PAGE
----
Friday, 23 December 2011

Jura: June 2011

I should've posted this months ago, but it was such a significant event for me that I'll never forget it, so this blog is written as though it happened yesterday. It's about a circumnavigation of Jura, Scotland with friends from Liverpool Canoe Club.
After a few grotty days stormbound at Oban, we ditched the idea of going to Mull and plan b was put into action.
Having launched from the mainland, somewhere near the back of beyond, we headed off for Jura, only to have our progress blocked by what looked like a tidal race heading from Crinan (I think) to Corryvreckan. So we watched and waited for the tide to slacken. A steamer sped past on the flow...


...and a Lions Mane drifted around below...


Eventually the tide slackened and it was off to Jura!


Jura is full of lonely spots with interesting detail, like Lagg pier...


At the Eastern end of Jura, it gets more committing, so we waited a day or so for a storm and low pressure to pass at Craighouse, which just happens to be where Jura whisky is made.



When the weather abated, we paddled down the remote Eastern side of the island where there are raised beaches. These formed when ice sheets pushed the land down. As the ice retreated, the land gradually rose, so what used to be the shoreline is now a few hundered feet above current sea level. In this remote spot, the beaches follow the hillsides right around Tarbet Bay. The photo below doesn't really show the scale of these huge swathes of rocks that have been rounded by years of waves when they were once a beach.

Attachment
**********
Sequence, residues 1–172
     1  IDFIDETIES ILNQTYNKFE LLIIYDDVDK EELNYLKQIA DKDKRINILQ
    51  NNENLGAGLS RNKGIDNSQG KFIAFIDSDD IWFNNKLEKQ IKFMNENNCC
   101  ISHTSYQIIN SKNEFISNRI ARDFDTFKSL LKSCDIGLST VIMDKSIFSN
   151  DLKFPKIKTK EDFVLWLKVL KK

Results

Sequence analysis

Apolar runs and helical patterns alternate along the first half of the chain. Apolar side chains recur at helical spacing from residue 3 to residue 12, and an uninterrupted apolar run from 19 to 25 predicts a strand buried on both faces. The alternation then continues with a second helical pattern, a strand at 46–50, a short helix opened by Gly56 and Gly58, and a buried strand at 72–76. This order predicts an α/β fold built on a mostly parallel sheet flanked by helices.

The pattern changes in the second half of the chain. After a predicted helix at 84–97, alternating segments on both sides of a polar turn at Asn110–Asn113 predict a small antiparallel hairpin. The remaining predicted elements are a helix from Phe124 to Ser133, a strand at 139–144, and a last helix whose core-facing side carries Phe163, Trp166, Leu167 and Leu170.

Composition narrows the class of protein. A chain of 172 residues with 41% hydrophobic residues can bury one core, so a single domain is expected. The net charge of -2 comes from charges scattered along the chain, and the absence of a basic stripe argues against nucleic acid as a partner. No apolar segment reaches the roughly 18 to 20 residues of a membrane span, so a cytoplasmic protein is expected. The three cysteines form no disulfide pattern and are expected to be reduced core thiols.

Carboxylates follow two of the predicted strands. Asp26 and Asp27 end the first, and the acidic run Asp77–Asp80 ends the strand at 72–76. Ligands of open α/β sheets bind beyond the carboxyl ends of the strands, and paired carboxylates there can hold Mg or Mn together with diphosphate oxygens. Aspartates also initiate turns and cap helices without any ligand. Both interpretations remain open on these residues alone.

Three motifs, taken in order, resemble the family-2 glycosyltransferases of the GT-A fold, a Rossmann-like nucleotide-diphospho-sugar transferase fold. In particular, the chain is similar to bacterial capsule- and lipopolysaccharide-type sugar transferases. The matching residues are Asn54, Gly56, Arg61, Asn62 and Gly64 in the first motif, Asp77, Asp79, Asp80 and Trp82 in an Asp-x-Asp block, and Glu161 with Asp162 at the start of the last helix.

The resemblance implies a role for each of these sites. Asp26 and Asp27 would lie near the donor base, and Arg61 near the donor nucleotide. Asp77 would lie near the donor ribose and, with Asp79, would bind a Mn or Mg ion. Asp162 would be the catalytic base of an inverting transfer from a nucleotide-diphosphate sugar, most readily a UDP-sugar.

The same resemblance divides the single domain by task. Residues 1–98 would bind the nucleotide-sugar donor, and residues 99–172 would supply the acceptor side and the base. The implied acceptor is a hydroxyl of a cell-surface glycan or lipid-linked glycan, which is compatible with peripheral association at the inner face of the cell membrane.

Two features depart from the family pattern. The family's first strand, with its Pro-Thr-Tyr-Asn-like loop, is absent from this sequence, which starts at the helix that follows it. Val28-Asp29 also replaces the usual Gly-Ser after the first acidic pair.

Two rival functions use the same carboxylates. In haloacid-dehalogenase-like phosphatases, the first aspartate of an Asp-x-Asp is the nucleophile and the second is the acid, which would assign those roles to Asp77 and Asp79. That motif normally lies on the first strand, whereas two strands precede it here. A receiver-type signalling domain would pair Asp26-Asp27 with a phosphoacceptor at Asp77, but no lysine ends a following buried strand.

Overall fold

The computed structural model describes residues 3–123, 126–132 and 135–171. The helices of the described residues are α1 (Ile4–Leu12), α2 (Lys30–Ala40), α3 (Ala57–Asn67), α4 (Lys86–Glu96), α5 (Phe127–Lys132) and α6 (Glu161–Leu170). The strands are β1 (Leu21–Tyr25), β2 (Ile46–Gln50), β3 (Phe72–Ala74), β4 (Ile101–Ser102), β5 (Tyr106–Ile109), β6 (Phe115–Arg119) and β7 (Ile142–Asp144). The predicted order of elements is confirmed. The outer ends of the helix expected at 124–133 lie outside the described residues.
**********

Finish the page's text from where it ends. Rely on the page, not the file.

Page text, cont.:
This place is really only accessible by sea or foot. It was a privilege to camp here - particularly with the clear weather we had. We camped next to this pier. Who knows why it was made, and who had the time on their hands to make something that could only be used at high tide anyway.


It looked more like an Andy Goldsworthy creation to me.

Carrying on, we headed in the direction of Mull...


 ...along a very committing strech of coast...



Although it doesn't look like there was much swell, it was big enough to wash onto the jagged rocks and unpredictably burst into a wave. Among the outcrops on the shore there were shelves of barnacle covered rocks just below the surface, which made the swell even more trecherous. There were few safe places to beach if it had been necessary.
At the North of Jura, the Gulf of Corryvreckan is the last major tidal obstacle to pass. We waited in this bay looking out towards Mull until slack water. 



As we waited, I climbed a hill to get a view of the famous tide race, which has the third largest whirlpool in the world...


Having timed our passage nicely, we made it to the Isle of Luing. The weather was getting variable again. From the Gulf of Corryvreckan to Luing, the quatering wind was getting brisk. Yet as we landed on Luing things unexpectedly calmed down and a low cloud bank drifted across us before resting on Shuna.


We spent our last night on Luing, taking in the surreal weather changes before returning to our starting point on the mainland.
It was the dream kayaking expedition: Remote places, sheltered campsites, great company and skilled leaders who we could trust. I'll never forget it!